Your browser is out-of-date!

Update your browser to view this website correctly. Update my browser now


Built to Last

Some days I really worry about the future of our industry, especially in the face of the economic challenges that we are all grappling with right now.

Over the years, the industry has grown and evolved almost in spite of itself. Poorly managed integration firms and shortsighted manufacturers have come and gone, sometimes leaving a trail of disarray and distrust. And even from the industry’s survivors, consumers are often left with products and so-called solutions that are more complicated and unreliable than they should be.

Yet, in spite of all of this, a relatively large core group of companies and individuals not only have found a way to survive and succeed for more than 20 years, but they have learned to do so professionally and admirably, earning referrals and good will from some of the most demanding clients in the world. It’s clear that companies that are in business for the right reason and keep their eye on the ball even in the toughest conditions, are truly built to last.

This month, as many of us converge on Atlanta for the 20th CEDIA EXPO, most financial reports indicate that our recession has finally bottomed out, many banks are back on firm footing, and we are even seeing home prices in many cities starting to rebound.

Granted, we still have a long way to go, and the real estate market will surely never return to its bubble-like levels, but the more I think about it, the more confident I am in the assertions of “Back to Business” columnist Richard Millson. On p. 74 of this issue, Millson says that we should expect to see our industry bounce back much more quickly than the rest of the economy, due to our involvement with a wealthy client base and our ability to work with almost any technology that is thrown our way.

agree with Richard’s spot-on observations, especially as they relate to our industry’s adaptability to new technical challenges. Case in point is a company that I had the privilege of visiting last month in Torrance, California.

At Stewart Filmscreen headquarters, I witnessed first hand how an industry manufacturer has prospered for much more than 20 years by seeking out new partnerships, markets, and efficiencies, even as times and technologies have changed around it. In one manufacturer, I saw a metaphor for how our entire industry should be thinking all the time.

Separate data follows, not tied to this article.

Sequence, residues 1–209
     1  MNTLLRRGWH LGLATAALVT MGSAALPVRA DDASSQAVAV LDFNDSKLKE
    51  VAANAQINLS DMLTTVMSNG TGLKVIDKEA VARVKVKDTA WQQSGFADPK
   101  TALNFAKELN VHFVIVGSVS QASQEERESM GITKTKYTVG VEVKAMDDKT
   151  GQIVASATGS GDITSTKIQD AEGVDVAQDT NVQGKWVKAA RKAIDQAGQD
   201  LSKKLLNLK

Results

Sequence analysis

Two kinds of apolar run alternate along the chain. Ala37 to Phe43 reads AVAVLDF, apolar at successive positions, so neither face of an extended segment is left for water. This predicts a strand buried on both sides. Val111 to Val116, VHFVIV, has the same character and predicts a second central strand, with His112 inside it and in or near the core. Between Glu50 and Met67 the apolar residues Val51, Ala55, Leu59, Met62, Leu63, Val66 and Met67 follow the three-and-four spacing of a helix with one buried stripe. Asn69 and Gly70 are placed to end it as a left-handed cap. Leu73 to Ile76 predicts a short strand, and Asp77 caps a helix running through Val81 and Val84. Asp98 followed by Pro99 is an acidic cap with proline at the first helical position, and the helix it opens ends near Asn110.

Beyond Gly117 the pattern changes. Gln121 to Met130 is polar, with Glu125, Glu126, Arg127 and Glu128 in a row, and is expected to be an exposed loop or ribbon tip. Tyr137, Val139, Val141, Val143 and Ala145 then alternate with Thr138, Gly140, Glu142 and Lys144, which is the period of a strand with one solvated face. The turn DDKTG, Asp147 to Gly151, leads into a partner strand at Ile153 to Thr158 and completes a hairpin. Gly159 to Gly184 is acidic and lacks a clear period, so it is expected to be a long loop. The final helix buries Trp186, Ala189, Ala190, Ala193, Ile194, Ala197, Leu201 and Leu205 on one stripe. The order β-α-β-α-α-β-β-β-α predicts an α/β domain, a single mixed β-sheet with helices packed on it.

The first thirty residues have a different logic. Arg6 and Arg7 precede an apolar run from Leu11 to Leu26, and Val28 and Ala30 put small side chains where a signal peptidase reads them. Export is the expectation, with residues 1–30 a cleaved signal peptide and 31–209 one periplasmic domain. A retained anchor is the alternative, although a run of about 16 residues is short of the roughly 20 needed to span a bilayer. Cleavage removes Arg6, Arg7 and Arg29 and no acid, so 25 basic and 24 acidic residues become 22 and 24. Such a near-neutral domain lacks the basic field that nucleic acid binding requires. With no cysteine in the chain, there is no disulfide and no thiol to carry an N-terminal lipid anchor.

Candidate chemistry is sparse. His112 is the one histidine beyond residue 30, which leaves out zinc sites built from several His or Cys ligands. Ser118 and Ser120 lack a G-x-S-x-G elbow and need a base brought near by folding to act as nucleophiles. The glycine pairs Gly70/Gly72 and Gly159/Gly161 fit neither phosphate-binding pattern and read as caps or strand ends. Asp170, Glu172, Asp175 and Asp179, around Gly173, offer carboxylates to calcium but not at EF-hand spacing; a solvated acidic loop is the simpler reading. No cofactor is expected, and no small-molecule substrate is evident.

Unlike most projection screen manufacturers that began in the education market, making screens for classrooms around the country, Stewart’s early business came via the two industries in its own backyard: Hollywood and aerospace products manufacturing. In fact, Walt Disney, himself, contracted an earlier generation of the Stewart family to help build attractions in his Anaheim theme park, and the manufacturer continues to work with Disney properties today. Stewart also has worked with many command- and-control facilities, learning to adhere to strict military specs and protocols.

The point is that the family-owned Stewart Filmscreen always has been a diversified company that would seek out opportunities when they arose. Even as its focus on Hollywood and the aerospace market broadened over the years to include pro AV and home theater, its emphasis on quality never wavered. Stewart seems to take pride in its ability to manufacture products of enormous scale, while treating each screen as a custom order for a specific client.

I think we can all learn from companies like Stewart Filmscreen, and others, 4 that find a way to cultivate new opportunities, while never forgetting where they started.